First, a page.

“I still do that to this day,” he said.
Dr. Kelly connected him to someone who introduced Wethington to support group meetings, which he took advantage of on a daily basis. He also followed Jasmine into volunteering at Fairbanks as soon as he was eligible.
“Fairbanks gave me back that part of my life where I’m connected with people like me and I’m performing service work,” Wethington said.
That proved essential when Jasmine suddenly relapsed and died from overdose in the winter of 2017. Wethington had to rely on his recovery community and do what they told him to do to keep from being swallowed in grief. He called his sponsor and other sober friends while he was still at the hospital.
“I didn’t know what to do,” Wethington said. “I didn’t have answers. My recovery community did.”
He also relied on his spirituality.
“I’ve always believed in God, I just never did my part,” Wethington admitted. “I only wanted him when I needed him. Recovery has given me a relationship with God. It’s easy to have faith when things are going right, but not so much when they’re going wrong.”
People often asked him how hard was it not to drink or use drugs in the aftermath of Jasmine’s death. For Wethington, it wasn’t.
“I didn’t know anything except two things: Using was not an option and I needed to call my people. And my Fairbanks and AA families surrounded me and went through this with me.”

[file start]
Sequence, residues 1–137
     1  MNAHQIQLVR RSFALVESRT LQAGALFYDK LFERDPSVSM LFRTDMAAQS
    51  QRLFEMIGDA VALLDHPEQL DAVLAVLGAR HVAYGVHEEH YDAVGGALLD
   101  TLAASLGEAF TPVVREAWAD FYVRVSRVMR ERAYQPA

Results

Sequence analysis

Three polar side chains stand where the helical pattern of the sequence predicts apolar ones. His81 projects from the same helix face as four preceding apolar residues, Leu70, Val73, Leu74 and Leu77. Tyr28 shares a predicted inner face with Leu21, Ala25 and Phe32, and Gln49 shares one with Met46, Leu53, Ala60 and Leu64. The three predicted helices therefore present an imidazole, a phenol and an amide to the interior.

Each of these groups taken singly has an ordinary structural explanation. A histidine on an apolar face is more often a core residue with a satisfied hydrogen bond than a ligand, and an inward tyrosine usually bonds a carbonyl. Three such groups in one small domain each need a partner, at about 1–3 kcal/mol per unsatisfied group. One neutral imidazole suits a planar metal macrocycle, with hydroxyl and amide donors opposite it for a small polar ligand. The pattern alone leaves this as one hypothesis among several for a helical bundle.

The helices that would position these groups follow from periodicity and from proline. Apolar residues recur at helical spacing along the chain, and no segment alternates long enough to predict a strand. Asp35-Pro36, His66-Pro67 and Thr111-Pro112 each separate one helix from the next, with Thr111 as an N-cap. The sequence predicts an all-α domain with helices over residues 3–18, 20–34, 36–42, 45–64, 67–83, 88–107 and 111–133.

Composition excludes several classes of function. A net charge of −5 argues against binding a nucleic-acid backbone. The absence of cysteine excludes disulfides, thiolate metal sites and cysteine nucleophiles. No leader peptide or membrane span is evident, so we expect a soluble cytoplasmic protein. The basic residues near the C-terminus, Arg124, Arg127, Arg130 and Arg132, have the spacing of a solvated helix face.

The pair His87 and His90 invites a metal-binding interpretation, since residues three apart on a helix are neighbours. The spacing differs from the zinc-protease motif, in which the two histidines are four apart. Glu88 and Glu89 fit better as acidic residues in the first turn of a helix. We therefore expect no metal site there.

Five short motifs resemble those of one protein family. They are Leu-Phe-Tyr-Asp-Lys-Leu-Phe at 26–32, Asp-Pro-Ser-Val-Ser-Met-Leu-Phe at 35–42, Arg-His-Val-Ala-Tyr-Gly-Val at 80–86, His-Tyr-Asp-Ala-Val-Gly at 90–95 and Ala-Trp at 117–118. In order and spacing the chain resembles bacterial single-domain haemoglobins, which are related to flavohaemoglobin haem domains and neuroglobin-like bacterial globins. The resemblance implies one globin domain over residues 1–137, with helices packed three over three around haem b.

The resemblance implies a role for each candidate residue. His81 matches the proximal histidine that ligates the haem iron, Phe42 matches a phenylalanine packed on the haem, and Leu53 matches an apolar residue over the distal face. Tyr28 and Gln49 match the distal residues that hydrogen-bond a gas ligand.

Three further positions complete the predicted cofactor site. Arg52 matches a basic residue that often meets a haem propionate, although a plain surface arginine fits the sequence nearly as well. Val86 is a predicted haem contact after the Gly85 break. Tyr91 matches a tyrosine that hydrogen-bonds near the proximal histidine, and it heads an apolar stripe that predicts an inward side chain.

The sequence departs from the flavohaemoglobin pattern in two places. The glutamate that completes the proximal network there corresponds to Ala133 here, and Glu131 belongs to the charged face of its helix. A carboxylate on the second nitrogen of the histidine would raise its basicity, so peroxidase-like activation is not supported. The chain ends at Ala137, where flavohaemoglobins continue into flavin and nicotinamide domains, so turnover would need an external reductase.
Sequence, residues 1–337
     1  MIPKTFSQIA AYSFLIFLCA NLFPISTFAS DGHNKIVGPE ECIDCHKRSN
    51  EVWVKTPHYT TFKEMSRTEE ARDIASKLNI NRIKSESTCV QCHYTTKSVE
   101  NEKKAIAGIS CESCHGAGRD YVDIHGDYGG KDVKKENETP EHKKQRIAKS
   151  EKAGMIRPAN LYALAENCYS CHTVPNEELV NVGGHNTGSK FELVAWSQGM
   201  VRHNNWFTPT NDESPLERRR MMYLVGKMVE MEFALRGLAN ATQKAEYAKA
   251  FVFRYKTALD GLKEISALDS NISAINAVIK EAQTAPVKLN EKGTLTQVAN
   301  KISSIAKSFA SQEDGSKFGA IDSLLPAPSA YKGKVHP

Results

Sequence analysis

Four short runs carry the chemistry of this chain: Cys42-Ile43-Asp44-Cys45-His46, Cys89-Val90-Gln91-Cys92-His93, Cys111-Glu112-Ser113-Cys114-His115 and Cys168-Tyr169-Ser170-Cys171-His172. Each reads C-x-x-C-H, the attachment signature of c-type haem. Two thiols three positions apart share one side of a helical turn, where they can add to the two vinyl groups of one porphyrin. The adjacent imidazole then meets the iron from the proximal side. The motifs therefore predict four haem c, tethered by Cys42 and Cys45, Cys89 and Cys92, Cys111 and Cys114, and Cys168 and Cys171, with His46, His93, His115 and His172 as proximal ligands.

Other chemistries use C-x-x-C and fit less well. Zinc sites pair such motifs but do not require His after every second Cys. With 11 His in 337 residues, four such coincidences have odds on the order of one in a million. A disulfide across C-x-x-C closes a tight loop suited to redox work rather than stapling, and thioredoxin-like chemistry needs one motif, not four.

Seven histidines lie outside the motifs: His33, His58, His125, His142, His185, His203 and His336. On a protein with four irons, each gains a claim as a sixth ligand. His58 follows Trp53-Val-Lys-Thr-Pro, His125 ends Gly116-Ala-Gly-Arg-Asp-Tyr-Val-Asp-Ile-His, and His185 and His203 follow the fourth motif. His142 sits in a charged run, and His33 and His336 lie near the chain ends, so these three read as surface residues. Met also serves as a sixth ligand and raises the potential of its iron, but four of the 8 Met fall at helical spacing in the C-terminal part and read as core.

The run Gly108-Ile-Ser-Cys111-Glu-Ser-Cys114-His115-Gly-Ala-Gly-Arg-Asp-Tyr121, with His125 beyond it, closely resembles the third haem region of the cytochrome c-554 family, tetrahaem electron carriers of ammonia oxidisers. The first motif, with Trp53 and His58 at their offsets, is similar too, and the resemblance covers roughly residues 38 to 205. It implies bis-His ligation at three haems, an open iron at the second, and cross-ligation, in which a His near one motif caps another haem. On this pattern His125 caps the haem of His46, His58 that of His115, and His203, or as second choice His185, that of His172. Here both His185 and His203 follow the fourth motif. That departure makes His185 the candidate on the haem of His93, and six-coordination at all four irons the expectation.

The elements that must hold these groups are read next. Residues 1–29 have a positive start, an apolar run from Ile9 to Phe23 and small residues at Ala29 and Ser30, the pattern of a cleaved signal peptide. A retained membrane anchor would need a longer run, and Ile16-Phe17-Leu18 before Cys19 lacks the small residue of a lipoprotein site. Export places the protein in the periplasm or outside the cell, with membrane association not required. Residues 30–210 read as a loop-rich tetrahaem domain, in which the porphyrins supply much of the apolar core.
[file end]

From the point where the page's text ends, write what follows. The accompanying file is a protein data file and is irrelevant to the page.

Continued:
Indeed, he didn’t even have to drive himself to meetings because others in recovery kept showing up to take him. They dropped off food and offered to clean his house.
“The outpouring and support was amazing,” Wethington said. “I didn’t have to ask for anything, which is good because I didn’t know what to ask for, I was hurting so bad. Just allowing them to hold me up is the only way I made it through.”
If there’s a silver lining to Jasmine’s passing, it’s that it only intensified Wethington’s passion for recovery. Seeing how he responded to such an awful situation, Dr. Kelly encouraged Wethington to train to be a recovery coach. After getting certified, Dr. Kelly worked on creating such a position for him at Community North Hospital.
“It’s another gift of recovery,” Wethington said. “When you work the program, opportunities come your way that you never anticipated.”
And while he’ll never be OK with Jasmine’s passing, he believes everything happens for a reason.
“All my failures had to happen for me to learn,” Wethington said.
He doesn’t even lament the accident that took him down his path to addiction, admitting he was selfish and vain at the time.
“I think the accident humbled me and put me where I needed to be,” Wethington said. “I’m so grateful today. When I look at my past failures now, I think of how I can use them to help somebody else and how I can continue to learn.”